New York Rangers goalie Henrik Lundqvist said his neck is still stiff and he has a tough time moving his head after getting run into Friday night, but "feels better" after treatment, according to the team's Twitter page.
He is still unsure about whether he will suit up Sunday against Pittsburgh and did not participate in the team's Saturday practice, according to the team.
"I am getting ready to play, that's still my goal, but we'll see how it feels later," Lundqvist said via the team's Twitter page. "It's just pain, nothing that can get worse ... still very stiff, but had some treatment & will have whole afternoon 2 take it easy."
As Pouliot tried to score, he crashed right into Lundqvist, knocking him to the ice. The training staff rushed out to check on Lundqvist, who did play the final 3:39 of the game.
After the game, Lundqvist said his neck was stiff but all the tests came up fine and there was nothing serious.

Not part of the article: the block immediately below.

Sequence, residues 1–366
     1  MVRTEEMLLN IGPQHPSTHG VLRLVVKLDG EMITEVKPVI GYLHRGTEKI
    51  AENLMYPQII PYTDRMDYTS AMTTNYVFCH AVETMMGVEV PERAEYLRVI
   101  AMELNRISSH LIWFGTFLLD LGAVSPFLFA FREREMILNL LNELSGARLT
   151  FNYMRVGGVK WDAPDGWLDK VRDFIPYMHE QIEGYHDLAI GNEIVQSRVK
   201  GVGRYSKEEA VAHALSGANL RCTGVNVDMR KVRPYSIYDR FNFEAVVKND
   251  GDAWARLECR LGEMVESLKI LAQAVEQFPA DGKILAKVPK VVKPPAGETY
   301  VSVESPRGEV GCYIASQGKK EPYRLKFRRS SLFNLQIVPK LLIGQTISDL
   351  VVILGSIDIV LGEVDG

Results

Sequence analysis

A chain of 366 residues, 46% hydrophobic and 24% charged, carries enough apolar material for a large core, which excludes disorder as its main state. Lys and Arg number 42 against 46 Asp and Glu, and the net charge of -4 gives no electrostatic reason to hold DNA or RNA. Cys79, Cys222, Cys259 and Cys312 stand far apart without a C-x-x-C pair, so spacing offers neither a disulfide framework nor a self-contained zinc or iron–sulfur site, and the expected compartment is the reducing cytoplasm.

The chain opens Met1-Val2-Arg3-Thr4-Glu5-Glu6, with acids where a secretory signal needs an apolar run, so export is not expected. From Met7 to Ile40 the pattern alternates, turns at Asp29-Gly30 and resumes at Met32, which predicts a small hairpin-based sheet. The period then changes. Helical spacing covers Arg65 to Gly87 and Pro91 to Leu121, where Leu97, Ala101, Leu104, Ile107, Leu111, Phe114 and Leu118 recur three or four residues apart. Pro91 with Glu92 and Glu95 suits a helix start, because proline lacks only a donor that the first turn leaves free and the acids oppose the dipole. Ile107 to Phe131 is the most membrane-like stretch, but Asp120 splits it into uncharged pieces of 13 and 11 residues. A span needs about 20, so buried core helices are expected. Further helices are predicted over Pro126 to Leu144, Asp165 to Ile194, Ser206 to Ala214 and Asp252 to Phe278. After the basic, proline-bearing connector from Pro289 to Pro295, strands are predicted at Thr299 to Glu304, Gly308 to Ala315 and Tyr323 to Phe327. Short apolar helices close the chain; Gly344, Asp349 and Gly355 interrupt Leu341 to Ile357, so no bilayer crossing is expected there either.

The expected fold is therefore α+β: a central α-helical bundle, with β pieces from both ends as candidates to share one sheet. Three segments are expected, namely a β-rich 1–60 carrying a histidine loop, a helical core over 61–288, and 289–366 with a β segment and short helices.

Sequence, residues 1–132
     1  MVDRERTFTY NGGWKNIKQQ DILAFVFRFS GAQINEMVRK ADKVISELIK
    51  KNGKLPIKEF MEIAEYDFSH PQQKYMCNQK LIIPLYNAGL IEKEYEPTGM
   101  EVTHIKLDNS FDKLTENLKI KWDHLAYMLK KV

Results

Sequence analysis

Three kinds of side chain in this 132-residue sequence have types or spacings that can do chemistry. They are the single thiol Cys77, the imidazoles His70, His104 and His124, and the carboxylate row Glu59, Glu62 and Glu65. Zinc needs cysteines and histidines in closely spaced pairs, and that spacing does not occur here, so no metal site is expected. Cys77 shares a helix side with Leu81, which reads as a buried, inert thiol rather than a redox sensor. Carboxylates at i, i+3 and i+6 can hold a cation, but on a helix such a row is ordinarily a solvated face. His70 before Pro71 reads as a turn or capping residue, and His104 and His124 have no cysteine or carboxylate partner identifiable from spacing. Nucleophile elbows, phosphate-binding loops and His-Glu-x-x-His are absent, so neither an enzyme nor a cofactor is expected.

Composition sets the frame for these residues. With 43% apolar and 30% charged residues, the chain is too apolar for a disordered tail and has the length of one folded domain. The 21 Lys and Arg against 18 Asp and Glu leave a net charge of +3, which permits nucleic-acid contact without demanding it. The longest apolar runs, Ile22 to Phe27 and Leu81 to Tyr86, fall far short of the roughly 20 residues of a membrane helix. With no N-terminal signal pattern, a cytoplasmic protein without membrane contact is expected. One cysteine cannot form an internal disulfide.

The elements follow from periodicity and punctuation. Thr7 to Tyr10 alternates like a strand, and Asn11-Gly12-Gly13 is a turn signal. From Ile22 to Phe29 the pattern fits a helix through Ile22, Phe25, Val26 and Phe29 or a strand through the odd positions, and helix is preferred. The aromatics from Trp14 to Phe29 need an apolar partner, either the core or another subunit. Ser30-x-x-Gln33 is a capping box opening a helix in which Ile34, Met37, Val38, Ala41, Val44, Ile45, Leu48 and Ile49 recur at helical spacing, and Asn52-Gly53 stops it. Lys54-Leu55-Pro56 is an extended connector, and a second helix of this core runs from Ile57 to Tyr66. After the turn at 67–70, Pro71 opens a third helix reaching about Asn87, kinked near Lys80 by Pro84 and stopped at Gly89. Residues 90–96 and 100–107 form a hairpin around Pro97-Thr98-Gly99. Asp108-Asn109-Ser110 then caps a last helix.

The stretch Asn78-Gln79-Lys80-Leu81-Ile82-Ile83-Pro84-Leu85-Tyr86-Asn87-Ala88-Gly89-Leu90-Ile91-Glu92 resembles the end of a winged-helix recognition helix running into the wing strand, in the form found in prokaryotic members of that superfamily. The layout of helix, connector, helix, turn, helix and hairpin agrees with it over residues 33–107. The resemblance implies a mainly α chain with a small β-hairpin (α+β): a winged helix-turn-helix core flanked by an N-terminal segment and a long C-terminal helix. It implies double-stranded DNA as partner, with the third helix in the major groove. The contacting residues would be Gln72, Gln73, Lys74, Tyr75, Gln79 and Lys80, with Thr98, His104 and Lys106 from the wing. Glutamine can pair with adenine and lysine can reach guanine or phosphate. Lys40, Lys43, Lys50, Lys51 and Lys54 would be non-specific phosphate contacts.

If Lundqvist cannot start Sunday, the Rangers will turn to backup goalie Chad Johnson, who would make his season debut. Johnson has spent the majority of the season with AHL Connecticut before being sent up to New York after backup goalie Martin Biron suffered a fractured collarbone Feb. 28.
"With Hank we're not sure where he's at, so for I am preparing as if I'm playing. ... That's my mindset going in," Johnson said, according to the team. "As of right now, I am preparing to play. ... I will take everything from the games that I've played [in the NHL last year and] ... use that."
Rangers coach John Tortorella did not have any qualms with the play in which Lundqvist was hurt.
"It certainly wasn't intentional, it was a hockey play," Tortorella said. "I think that's hockey. We try to take care of the [crease], we try to get to their [crease], and when there's contact I think that's part of the game. We certainly don't want to lose our goalie or get hurt but I'm not going to sit up here and whine about that stuff. I think that's a big part of hockey, trying to make plays there. We try to do it. You just play and see where it goes."
Matt Ehalt is a regular contributor to ESPNNewYork.com.